Friday, December 13, 2002

More on Trent Lott
Not to beat this story to a pulp, but there is a really well written article in the Washington Post, discussing in a way, the history of Trent Lott's record on segregation and race issues. It also highlights some oft the most egregious comments that I hope Lott has ever made.

"In the 1980s, Lott voted against extending the Voting Rights Act and against establishing Martin Luther King Day as a federal holiday. On the Voting Rights Act, in 1981, he was one of 17 Republicans and seven Democrats, including most of the Virginia delegation, voting against extending that law, which struck down obstacles between minorities and polling places. In 1983, Lott joined 97 other House members, most of them Republicans, in opposing the King holiday, including then-Reps. Phil Gramm (R-Tex.) and John McCain (R-Ariz.). In an interview with Southern Partisan magazine, Lott explained his stance on the King holiday: "Look at the cost involved in the Martin Luther King holiday and the fact that we have not done it for a lot of other people that were more deserving."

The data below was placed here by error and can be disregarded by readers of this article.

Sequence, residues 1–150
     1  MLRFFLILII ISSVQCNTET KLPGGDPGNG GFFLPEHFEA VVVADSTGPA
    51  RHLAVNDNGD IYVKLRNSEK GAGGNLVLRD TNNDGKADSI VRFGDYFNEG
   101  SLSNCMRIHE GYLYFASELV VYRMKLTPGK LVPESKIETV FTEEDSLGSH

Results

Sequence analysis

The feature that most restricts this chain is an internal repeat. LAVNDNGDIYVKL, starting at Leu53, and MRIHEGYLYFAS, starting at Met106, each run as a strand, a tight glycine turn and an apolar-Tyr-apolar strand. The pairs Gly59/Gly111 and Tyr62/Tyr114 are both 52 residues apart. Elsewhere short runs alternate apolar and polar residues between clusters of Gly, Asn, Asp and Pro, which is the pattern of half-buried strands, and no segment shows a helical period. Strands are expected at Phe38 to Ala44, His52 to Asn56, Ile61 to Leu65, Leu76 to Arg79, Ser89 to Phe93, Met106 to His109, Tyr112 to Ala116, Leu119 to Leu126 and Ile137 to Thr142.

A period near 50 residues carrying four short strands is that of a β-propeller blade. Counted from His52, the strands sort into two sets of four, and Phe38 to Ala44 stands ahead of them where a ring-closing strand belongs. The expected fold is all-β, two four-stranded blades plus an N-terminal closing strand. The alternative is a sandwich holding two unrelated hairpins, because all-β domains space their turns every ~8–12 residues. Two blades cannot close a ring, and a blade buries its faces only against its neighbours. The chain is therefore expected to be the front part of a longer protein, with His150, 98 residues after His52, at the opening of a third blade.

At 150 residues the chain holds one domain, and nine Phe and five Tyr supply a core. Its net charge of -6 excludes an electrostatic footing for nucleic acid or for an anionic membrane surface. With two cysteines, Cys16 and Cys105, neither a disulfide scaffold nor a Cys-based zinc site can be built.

More deserving? Who would that be, Strom Thurmond, all the Grand Marshalls of the KKK?

One of my favorite sections discusses a press release sent out by Lott's office to highlight his record to specifically include his

"legislative achievements in education, trade with Africa, economic development and community health care.
Under Lott's majority leadership, the document said, the Senate approved a Rosa Parks Congressional Medal for the woman who began the Montgomery bus boycott; similar awards to the nine black students who integrated Little Rock schools; a day honoring minority veterans of World War II; a resolution honoring Jackie Robinson; and a resolution creating a special task force to recognize the slave laborers who helped build the Capitol."

This seems to me to be someone who when questioned about being racist says, "no way, I have lots of (insert race here) friends."

Maybe Trent Lott will take a cue from Boston's Cardinal Bernard Law and resign his post.


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